Occam’s Razor and Newton’s Flaming Laser Sword

It’s well established that in science we can use Occam’s Razor to decide which is the most likely explanation, that between competing hypotheses that one that requires the lowest number of assumptions should be preferred.

Newton’s flaming laser sword is a philosophical razor coined by Mike Alder in an essay entitled “Newton’s Flaming Laser Sword, Or: Why Mathematicians and Scientists don’t like Philosophy but do it anyway” . To summarise the position that “what cannot be settled by experiment is not worth debating”. It was published in Philosophy Now in May/June 2004. The razor is humorously named after Isaac Newton, as it is inspired by Newtonian thought, Mike characterised this sword as being “much sharper and more dangerous than Occam’s Razor”.

Newton's Flaming Laser Sword

Newton’s Flaming Laser Sword

Newton’s flaming laser sword sounds very useful. It slices, it dices… it might be suggested that such a sword could cut away too much, and prevent one from taking a position on politics or religion. That’s not really true, it would prevent one ever being able to make religious explanations or do other special pleading and claim it was science. In the field of politics it may leave one asking for evidence to support particular political judgements. I don’t think those are bad outcomes. Mike Adler suggests that the flaming sword is a useful tool against Platonic philosophers, who may ask one to engage in an older type of game, than the one usually played by modern science and mathematics.

Anyway, this leaves the question, has anyone every seen Occam’s razor or Newton’s Flaming laser sword? I think we need to mount an investigation as to were these useful historical artefacts have been left.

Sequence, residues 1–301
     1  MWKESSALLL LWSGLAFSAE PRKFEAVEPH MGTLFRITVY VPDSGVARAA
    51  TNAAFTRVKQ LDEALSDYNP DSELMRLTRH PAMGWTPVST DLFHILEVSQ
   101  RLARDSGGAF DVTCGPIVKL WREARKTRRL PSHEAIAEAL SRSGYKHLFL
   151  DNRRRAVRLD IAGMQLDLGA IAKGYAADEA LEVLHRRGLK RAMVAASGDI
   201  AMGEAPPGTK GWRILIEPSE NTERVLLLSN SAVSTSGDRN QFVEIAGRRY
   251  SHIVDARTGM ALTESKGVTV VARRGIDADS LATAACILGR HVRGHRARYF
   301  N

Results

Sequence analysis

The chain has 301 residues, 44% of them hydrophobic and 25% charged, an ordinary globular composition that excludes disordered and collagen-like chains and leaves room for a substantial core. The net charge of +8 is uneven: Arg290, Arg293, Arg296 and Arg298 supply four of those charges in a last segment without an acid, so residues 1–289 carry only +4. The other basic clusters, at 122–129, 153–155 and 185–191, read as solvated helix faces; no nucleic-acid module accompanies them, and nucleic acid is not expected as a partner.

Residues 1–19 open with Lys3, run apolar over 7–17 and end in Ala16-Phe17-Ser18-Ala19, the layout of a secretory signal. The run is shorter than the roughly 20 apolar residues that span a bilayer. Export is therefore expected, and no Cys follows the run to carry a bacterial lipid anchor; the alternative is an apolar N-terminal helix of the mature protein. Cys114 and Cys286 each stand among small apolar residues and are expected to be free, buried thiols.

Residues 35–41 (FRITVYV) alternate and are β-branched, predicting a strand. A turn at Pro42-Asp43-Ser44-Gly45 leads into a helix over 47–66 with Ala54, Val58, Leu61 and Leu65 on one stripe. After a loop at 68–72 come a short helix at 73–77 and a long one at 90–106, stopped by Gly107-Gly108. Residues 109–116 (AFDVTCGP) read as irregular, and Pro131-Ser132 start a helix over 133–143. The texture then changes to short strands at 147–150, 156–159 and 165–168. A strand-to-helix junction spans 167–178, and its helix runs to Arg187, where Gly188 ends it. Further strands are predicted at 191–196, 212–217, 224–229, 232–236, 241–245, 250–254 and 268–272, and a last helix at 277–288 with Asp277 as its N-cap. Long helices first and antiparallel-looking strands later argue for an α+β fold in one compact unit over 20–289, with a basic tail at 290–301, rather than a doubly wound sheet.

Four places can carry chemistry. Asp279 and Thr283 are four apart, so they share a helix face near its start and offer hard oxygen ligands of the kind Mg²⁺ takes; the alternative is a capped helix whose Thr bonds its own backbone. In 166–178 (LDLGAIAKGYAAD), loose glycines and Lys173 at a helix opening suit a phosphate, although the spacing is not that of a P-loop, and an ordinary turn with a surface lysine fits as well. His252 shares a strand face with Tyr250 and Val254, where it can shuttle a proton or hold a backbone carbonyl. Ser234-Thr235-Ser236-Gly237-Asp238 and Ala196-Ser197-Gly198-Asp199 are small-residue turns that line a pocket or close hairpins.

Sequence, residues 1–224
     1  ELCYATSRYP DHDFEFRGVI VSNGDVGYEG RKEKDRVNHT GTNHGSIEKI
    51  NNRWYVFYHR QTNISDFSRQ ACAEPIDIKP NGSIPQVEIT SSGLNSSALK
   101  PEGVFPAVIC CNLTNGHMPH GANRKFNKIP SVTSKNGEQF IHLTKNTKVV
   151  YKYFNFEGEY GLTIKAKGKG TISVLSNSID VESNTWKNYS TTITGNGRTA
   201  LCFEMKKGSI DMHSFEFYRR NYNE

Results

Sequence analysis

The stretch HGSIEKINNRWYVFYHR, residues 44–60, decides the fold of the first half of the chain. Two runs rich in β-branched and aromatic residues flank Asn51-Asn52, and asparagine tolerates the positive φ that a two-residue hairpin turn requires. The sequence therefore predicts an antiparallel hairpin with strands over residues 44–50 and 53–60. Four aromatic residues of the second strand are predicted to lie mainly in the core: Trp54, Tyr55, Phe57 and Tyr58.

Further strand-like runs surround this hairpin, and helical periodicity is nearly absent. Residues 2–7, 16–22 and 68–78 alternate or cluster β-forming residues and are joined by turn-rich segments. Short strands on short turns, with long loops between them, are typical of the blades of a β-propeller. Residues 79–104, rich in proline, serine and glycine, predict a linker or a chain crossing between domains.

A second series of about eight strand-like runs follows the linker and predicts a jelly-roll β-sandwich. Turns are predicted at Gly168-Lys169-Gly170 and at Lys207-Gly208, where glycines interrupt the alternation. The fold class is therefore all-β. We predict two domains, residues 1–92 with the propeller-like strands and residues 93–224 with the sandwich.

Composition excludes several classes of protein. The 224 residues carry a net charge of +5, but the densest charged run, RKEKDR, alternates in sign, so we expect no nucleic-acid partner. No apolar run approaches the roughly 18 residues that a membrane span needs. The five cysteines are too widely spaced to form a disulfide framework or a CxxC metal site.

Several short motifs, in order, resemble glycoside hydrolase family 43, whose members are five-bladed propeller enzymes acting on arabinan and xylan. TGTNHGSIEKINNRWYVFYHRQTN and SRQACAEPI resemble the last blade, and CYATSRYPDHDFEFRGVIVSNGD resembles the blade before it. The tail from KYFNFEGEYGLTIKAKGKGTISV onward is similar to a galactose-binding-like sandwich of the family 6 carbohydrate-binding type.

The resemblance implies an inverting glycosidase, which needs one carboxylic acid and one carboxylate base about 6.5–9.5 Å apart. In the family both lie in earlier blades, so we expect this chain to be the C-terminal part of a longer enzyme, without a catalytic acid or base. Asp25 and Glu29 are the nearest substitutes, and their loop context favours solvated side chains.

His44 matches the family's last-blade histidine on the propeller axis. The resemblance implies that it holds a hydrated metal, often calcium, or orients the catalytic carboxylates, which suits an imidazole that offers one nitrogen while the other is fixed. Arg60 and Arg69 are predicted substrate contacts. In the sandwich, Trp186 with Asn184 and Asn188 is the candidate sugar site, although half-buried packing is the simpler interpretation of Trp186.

Download a Flaming Laser Sword from the internet archive (PDF)

I think Newton would be a good suggestion for the next Cambridge scientist movie, although some have already been made such as “Isaac Newton the last magician” (2013) and the 2010 movie “The Invention of Calculus”

Quantum Pain

You can see a video of Jim Al-Khalili’s presentation at the Royal Society, were he is discussed the relations between Quantum mechanics and biology. (Does nature use Quantum mechanics — of course).

I thought of a simple demonstration that shows that Quantum mechanics applies to biological specimens, even seemingly complex ones. The example involves the quantum behaviour of pain. If a child falls over and it is being watched by it’s parents then it will feel pain and cry. If no one is watching, there will be no pain and the child will just carry on.

I thought there was a V-sauce on youtube about pain… but I seem to have imagined it.

Here is a TED-X talk Lorimer Moseley (at Adelaide)

Hawking warns about alien contact

Stephen Hawking says although life almost certainly exists elsewhere, we should not attempt to actively initiate contact with extra–terrestrial life forms. As Jared Diamond has pointed out before, historical evidence of encounters between humans, and biological evidence of contacts of different groups of animals, shows it always goes badly for the native population, often resulting in extinction of species, or subjugation and slavery amongst humans.

Unfortunately for us, at least one group is scientists have taken it up on themselves to try to make earth orders of magnitude more visible in the galaxy. Their rational is that all advanced lifeforms (capable of inter-stellar travel) would be altruistic.

A nice discussion of this topic can be read here:

And an editorial in Nature discussed this in 2006:

Godel Truthed.

Godel said:

The Liar Paradox. “Truth” for English sentences is not definable in English.
Proof. Suppose it is. Then so is its complement “False”.
Let s be the sentence “This sentence is false” .
Since the phrase “This sentence” refers to s, we have
s iff “This sentence is false” iff “s is false” iff not s.
A contradiction.

Since the sentence is a contradiction, it is false. So I don’t see any problem, it’s true that the sentence is false, and therefore Truth is not definable in English sentences. At least if you agree False is opposite to Truth in English.